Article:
I guess every family researcher has one. A brick wall is the term we use for an ancestor who seems to have come from nowhere. No matter how hard we try we can’t move our research forward (well, technically backward) to find out more information.
My brick wall is my great, great grandmother, Jennie HATFIELD Wainer (possibly Virginia HATFIELD or Ellen HATFIELD.) She was born in Niles, Michigan on 11 Apr 1851 and died in Randolph Co., WV on 08 Mar 1932. On 22 Sep 1867 she married John Milton WAINER. The Wainer family bible shows that the marriage took place in Prairie City, McDonough Co., IL. The marriage certificate was printed by a printer in Prairie City, IL. However, the marriage certificate itself says that the marriage was by Judge Bloomfield in Cumberland Co., IL.
Jennie’s birth date comes from Jennie’s family bible that I have. Her death information is from her death certificate on file in West Virginia. Both documents show her name as only ‘Jennie Hatifield’. There was no formal given name or middle name.
Jennie has always fascinated me. I have more original records on her than anyone else in my research; her family bible and the original of her marriage license. Family tradition has always said that she is related to the HATFIELD clan involved in the famous feud with the McCoys. I’d like to prove of disprove that. But, more than that, I just want to know who her parents were and whether she had any brothers and sisters.
The family bible, the marriage certificate and death certificate held great promise. I had all sorts of information about Jennie’s children and grandchildren. But, the records also created a lot of mystery. Here’s why:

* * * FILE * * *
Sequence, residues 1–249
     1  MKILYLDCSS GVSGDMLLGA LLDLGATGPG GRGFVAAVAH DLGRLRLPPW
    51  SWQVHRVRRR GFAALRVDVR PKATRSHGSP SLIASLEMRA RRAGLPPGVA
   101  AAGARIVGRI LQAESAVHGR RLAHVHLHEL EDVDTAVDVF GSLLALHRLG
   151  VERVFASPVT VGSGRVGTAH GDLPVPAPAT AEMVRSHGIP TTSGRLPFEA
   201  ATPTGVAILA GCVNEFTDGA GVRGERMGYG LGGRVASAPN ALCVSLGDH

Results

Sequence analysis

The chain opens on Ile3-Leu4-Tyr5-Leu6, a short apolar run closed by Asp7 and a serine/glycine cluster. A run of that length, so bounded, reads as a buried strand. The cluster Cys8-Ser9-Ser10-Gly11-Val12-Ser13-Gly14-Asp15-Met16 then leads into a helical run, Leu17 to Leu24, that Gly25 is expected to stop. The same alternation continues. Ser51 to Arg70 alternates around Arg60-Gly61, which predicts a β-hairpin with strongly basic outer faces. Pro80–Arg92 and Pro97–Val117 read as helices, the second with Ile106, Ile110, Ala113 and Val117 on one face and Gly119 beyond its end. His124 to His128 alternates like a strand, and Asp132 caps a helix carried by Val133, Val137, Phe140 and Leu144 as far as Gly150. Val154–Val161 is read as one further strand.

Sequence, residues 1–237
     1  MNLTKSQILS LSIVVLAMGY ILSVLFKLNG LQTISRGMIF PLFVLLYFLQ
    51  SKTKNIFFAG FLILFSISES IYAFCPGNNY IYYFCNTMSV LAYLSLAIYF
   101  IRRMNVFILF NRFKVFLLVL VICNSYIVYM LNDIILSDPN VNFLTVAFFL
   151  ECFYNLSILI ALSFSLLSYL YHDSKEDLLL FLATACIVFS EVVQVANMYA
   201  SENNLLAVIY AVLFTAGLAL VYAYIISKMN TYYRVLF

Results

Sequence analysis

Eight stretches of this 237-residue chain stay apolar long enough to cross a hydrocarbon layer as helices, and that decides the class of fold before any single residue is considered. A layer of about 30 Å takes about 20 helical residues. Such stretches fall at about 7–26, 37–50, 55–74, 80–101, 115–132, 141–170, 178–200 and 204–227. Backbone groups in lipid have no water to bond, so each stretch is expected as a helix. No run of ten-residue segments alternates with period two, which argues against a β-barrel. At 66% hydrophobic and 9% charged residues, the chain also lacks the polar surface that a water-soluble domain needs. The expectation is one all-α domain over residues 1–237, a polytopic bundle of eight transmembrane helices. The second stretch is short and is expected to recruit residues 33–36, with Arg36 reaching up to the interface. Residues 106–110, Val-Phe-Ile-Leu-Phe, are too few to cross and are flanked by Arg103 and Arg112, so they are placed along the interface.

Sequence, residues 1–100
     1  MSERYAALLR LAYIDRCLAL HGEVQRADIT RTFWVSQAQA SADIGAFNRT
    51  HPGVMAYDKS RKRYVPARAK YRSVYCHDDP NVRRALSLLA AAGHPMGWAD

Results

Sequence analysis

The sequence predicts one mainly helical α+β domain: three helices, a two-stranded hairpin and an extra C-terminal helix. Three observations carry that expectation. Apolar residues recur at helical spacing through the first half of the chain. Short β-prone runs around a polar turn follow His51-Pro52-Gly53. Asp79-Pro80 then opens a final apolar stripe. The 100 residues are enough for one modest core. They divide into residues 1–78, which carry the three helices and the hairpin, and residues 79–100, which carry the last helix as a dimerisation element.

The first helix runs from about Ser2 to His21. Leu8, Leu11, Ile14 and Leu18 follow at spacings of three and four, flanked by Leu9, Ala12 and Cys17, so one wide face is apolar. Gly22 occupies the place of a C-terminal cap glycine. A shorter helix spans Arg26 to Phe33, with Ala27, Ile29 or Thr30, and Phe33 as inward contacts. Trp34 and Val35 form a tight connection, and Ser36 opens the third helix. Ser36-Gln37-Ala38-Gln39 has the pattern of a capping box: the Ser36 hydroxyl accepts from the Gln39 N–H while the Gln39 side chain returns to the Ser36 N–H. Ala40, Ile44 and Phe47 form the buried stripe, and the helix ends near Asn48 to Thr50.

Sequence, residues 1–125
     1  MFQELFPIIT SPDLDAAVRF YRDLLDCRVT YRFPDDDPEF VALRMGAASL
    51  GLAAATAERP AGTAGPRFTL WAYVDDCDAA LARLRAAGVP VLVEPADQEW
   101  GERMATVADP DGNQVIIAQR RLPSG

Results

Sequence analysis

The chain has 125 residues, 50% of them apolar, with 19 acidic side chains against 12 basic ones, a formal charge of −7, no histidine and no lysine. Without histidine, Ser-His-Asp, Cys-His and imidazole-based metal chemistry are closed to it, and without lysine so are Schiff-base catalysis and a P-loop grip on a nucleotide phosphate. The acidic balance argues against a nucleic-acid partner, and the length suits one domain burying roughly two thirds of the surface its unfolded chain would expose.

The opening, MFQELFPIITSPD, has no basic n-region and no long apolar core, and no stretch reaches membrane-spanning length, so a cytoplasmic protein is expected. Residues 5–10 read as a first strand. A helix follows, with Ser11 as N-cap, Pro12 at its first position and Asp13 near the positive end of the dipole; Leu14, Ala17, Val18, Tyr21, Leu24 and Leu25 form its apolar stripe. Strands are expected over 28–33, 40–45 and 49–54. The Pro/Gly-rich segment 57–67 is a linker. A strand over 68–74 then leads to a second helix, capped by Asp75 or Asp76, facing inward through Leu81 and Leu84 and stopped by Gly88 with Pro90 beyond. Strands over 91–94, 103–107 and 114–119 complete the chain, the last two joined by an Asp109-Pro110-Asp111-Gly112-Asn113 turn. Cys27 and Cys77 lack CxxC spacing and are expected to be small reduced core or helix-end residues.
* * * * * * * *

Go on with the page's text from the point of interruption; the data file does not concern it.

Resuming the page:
The family bible says that Jennie’s father was “E. W. Hatfield b. in England.” That’s the only mention of parents and there is no birth date listed for him. Jennie’s birth date is listed, but not the name of her mother. Her death certificate lists her parents (according to her son, Homer) as “William Elsa” and “Permelia Burnett.” Hmmm. Where’s the Hatfield name? Is it possible that the son, Homer, left off the last name and her father is William Elsa Hatfield? Could Elsa be a misspelling and the is actually William Elias or William Elias Hatfield? Permelia seemed like a fairly uncommon name. So, I thought if I could locate her I could find the father.
Assuming that she would be found in later life as Permelia Hatfield, I searched the census and BINGO there was. Here was a Permelia Hatfield living in Clay Township, Miami Co., IN! Her husband’s name was Leonard Hatfield. Fast forward to 1870 and the same family is in Miami Co., IN. This time the husband’s name was Levin W. Hatfield. One big problem. There should have been a Jennie in the 1860 record about 8 or 9 years old. There is a female child, age 8. But, her name is Ellen.
So, I’ve tried for birth and death certificates of everyone closely related. No go. Jennie is always referred to as Jennie and I can’t get birth records for the Ellen found in Indiana because I don’t know the county in Michigan where she was born.
You also might think the obvious thing is to find Jennie’s birth certificate. Well, 1851 was too early for her birth to have been registered with the county. So, here I am, at the brick wall. If anyone out there can see this more clearly than I can, please make a comment with what I might be able to try next!
UPDATE: Major break though this week on my brick wall. It just goes to show you that you should never give up. On advice of another researcher I began gathering death records of all of Jennie’s children and siblings. I gathered all the death certificates I could find and noticed on the online West Virginia vital statistics site that there were two entries for each persons’s certificate. One was the hand-written log of death entries. As it turns out, even though the parents weren’t listed on the actual certificate, they WERE in this written list. Lo and behold the mother was listed as HELEN V. Hatfield! So, something finally relates to the child named Helen. Its not a definite proof, but the evidence is getting a lot stronger!